NASCAR should take a hint from IndyCar

Discussion in 'Motorsports' started by MuscleCarHeart, Aug 4, 2009.


  1. Exciting finishes notably absent from recent Sprint Cup Series races.

    For about 15 years now, NASCAR has been showing its counterparts over in open-wheel racing how things are done in American racing. Mostly, NASCAR showed ChampCar and IndyCar how to become popular with American race fans.

    But following a Saturday night IndyCar race which few people saw because it was on a network which usually shows bicycle racing or animals being shot with very powerful guns, it could be open-wheel’s turn to provide the lesson.

    The Saturday IndyCar show was something that Sprint Cup shows rarely are these days. It was fabulously entertaining to watch.

    And it was that way thanks to fairly quick action on the part of Indy Racing League officials.

    NASCAR overtook open-wheel in terms of popularity in this country in the last decade by putting on good races which featured side-by-side and nose-to-tail racing on tracks where all of that was visible to those in the grandstands.

    NASCAR featured lead changes and dashes to the finish by people named Earnhardt and Pearson and Petty. On white flag laps, nobody knew who was going to be first to the checkered flag.

    Aero push? Drivers during NASCAR’s golden years knew slingshots.

    Then the sport got all sophisticated.

    In came engineers and wind tunnels and flow dynamics and coil binding and bump stops. Out went passing for the lead and fans launching to their tippy-toes in excitement on the final laps.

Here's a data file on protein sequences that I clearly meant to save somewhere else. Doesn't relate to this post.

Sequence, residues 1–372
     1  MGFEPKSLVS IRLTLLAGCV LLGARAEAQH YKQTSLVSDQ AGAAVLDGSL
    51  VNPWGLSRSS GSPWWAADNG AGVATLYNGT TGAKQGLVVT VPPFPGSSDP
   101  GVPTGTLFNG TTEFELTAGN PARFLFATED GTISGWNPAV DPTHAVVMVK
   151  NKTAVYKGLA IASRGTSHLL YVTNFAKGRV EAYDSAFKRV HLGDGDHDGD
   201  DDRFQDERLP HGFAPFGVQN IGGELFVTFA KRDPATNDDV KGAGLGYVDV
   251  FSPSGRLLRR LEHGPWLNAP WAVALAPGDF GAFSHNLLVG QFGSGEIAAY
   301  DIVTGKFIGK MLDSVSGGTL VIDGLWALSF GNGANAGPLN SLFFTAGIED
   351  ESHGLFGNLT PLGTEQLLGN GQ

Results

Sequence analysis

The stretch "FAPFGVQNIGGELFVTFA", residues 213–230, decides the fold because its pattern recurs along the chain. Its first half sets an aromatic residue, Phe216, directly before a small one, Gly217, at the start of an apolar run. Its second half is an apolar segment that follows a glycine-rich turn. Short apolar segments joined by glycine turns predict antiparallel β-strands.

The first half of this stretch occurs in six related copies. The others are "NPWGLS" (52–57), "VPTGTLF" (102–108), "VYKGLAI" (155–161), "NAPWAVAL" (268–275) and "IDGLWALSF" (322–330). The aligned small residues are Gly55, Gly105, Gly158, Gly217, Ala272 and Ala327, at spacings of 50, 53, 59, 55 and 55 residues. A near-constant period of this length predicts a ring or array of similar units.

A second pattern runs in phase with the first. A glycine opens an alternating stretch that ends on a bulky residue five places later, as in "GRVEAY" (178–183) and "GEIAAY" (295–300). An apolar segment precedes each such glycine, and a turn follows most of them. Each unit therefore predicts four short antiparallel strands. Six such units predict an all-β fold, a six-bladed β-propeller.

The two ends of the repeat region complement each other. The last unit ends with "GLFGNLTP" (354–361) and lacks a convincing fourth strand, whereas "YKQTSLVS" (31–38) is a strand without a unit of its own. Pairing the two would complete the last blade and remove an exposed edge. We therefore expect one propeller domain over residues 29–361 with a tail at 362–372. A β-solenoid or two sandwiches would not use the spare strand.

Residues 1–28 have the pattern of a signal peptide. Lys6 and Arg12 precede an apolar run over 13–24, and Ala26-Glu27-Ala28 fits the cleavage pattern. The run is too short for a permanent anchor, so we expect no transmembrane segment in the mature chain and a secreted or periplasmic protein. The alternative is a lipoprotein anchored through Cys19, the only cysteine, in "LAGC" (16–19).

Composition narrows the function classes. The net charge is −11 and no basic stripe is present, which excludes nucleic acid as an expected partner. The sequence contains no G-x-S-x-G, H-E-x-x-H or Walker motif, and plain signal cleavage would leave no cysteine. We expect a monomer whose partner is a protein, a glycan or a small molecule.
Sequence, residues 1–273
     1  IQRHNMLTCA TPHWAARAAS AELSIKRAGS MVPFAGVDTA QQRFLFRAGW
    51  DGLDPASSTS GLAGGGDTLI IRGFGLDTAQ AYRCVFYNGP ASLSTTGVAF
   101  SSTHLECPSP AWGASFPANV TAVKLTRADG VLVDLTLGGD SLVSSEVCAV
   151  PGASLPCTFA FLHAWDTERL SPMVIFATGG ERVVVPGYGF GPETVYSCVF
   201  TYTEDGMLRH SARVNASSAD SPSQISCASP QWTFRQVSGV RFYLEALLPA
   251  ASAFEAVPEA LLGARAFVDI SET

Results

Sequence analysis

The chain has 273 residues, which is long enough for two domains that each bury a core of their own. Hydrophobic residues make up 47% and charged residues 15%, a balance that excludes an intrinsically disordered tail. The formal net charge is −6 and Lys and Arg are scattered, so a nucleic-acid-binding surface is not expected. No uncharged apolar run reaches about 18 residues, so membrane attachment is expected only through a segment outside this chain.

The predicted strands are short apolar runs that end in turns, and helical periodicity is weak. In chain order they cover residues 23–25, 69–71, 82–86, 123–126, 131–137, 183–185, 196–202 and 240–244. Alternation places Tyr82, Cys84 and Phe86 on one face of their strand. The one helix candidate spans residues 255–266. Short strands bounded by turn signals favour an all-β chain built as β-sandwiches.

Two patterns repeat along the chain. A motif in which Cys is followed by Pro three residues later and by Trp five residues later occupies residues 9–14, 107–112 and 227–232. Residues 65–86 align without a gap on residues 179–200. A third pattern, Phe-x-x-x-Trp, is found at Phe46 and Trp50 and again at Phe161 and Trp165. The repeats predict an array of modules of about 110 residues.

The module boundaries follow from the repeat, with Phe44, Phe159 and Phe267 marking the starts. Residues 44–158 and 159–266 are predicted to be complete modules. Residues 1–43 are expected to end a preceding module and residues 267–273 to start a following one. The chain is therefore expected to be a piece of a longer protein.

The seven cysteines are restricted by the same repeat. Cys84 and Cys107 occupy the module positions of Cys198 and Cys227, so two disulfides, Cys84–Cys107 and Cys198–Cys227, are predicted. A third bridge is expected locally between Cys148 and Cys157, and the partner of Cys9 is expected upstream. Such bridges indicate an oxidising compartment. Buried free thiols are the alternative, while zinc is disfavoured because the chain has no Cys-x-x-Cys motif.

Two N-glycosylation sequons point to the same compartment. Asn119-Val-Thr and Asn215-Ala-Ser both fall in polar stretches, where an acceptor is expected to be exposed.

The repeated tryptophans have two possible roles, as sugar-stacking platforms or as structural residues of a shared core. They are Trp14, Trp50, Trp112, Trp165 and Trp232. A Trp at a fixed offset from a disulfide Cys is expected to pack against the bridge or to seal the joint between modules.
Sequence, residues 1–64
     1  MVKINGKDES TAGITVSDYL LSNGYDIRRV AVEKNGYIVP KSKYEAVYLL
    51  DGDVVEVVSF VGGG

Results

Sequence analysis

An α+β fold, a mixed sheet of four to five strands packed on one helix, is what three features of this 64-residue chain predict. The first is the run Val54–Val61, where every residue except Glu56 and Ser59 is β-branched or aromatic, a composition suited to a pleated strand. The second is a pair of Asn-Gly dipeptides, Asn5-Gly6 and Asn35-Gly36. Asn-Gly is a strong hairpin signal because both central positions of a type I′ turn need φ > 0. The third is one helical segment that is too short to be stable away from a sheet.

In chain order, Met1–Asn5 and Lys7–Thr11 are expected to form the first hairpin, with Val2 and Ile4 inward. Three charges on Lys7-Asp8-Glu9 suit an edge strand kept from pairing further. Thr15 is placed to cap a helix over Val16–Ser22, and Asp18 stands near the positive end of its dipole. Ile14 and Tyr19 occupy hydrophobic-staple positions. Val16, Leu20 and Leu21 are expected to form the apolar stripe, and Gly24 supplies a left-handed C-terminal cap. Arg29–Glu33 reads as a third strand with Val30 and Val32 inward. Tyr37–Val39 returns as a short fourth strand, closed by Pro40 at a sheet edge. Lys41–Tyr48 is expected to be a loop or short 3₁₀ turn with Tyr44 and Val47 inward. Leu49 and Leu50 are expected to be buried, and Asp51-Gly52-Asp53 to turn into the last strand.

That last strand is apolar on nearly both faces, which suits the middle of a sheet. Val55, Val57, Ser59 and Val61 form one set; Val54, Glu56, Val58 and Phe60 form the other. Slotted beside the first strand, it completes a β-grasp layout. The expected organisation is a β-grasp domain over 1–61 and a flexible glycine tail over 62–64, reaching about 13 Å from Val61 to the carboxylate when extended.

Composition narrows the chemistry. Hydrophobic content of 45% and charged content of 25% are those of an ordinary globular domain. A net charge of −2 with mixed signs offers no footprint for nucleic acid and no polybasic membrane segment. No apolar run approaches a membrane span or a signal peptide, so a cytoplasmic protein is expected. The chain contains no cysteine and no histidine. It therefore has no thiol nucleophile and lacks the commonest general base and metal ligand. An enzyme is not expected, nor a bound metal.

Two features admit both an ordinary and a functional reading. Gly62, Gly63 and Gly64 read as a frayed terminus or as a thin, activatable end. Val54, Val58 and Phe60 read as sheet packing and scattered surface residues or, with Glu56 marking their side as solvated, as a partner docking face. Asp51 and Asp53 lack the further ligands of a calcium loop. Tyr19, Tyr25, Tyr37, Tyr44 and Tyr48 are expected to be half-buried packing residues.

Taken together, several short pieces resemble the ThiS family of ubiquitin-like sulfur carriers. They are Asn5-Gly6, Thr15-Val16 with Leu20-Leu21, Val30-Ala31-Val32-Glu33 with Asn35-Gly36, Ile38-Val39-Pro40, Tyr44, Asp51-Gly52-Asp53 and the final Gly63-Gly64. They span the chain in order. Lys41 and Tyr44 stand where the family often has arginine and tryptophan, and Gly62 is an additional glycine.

Over the past few years, the IndyCars faired no better. The racing got so bad this season that after the June race at wonderful Richmond International Raceway, drivers — including the winning driver — spend post-race interviews apologizing to the fans for the deadly dullness of the previous couple of hours.

    IRL officials saw what was happening and acted. Aero changes were made to the cars. Nothing huge, just the addition of air deflectors and the removal of small wickers from the rear wings mostly.

    The change produced was huge, however. At Kentucky Speedway, one of those 1.5-mile ovals which have produced horrible racing in recent years, beauty returned to the sport.

    Racing for the lead was side-by-side lap after lap. When the checkers came down, fans had to watch the replay screens to be sure who won and by how much.

    NASCAR officials may want to review tapes of Saturday’s IndyCar race at Kentucky. They may want to call Brian Barnhart of the IRL and ask him just how he and his people did that.

    Yes, the economy is hurting NASCAR. Yes, bland drivers are taking a toll. And, yes, a substance-abuse scandal is pushing fans away.

    But the biggest, most pressing, A-No.1 problem Sprint Cup is having right now in keeping old fans and attracting new ones is boring racing.

    Fix that and the sport will be fixed.